Saturday, May 14, 2011

THE MAN WHO COULD CHEAT DEATH (Terence Fisher, 1959)

Portrait of an artist as an old man hidden behind an illusion of flesh and bone, one gland away from the tomb. Director Terence Fisher directs this talky and rather mawkish tale of jealousy, betrayal, and temporary immortality.

Georges Bonnet is a renowned artist and doctor who has lived for over a hundred years. Every ten years, he must undergo an operation (that only his now elderly colleague can perform) to replace some mysterious gland in his abdomen. As the time grows ever closer for the surgery, he becomes devoured by madness and must drink a bubbling potion before he rots away.

The film begins in 19th century Paris as Bonnet greets his guests to reveal his new creation, a bust of the lovely Margo. But the sudden appearance of Janine (the beautiful and classy Hazel Court!) a past model and lover sparks his burning desire to stay alive...and give her his fleshy gland! The film has only a few sets and becomes too talky as characters regurgitate exposition, revealing the past and present tense through terse dialogue, thus suffocating suspense and interest. Anton Diffring portrays the antagonist Bonnet and is hilariously prone to starring off-camera in key scenes, while Christopher Lee is unceremoniously relegated to a secondary role (though he is magnificent, as usual). The narrative calculations just don’t add up as it attempts to multiply suspense by adding a Detective, hot on the trail of a missing women. The film is visually interesting with Hammer's slavish attention to period detail in the costumes and set designs.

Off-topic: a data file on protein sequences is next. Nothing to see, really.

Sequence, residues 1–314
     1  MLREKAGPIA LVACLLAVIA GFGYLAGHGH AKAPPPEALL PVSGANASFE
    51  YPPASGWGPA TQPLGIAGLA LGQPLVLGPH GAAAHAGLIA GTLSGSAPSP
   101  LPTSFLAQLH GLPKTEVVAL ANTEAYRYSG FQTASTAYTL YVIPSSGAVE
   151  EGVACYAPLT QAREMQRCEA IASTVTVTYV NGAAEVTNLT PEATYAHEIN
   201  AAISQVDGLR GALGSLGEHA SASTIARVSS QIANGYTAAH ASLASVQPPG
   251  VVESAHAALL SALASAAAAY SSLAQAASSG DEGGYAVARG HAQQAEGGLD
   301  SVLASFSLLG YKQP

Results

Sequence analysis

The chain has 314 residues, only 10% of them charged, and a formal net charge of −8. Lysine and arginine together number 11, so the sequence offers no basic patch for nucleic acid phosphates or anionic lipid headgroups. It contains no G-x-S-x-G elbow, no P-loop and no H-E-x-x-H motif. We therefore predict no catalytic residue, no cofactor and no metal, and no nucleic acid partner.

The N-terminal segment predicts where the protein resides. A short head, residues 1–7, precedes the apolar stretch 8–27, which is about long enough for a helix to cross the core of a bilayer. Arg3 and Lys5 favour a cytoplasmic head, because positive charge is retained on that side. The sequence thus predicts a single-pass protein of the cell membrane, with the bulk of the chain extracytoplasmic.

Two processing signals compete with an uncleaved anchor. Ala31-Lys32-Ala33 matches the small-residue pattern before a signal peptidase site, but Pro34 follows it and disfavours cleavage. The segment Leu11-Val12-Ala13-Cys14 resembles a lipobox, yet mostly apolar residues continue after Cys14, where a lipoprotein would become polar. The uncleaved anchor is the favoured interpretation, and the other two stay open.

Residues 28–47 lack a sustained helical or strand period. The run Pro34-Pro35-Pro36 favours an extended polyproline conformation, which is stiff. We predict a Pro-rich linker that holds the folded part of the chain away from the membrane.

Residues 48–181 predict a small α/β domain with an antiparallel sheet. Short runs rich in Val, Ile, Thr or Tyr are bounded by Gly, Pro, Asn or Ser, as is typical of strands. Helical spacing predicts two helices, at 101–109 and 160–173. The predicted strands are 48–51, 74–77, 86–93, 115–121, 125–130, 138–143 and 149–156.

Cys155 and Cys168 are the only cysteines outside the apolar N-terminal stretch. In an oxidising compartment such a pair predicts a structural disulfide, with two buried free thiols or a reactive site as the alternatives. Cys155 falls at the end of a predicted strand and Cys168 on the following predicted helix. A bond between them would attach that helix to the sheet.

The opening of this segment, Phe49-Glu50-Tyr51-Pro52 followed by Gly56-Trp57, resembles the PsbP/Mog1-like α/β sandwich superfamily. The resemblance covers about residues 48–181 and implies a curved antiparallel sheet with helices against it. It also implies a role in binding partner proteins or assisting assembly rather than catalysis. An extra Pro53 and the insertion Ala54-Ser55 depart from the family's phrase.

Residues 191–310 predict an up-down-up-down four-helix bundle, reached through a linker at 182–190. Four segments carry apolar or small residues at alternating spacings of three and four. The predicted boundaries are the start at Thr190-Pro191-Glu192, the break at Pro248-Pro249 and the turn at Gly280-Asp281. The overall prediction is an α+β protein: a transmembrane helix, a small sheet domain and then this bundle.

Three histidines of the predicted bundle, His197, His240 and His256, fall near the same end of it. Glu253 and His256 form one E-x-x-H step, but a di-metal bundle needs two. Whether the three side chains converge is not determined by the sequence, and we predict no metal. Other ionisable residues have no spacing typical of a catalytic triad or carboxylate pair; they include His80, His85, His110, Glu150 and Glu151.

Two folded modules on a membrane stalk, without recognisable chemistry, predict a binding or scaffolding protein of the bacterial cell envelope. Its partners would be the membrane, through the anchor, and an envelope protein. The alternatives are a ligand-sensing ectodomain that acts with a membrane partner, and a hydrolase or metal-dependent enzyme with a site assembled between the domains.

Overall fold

Finally Bonnet is consumed in a squelchy and searing climax of gooey makeup and kerosene. The film builds to just this moment but fails to deliver a gory denouement and becomes a bit of a meltdown...err...letdown.

Final Grade: (D)

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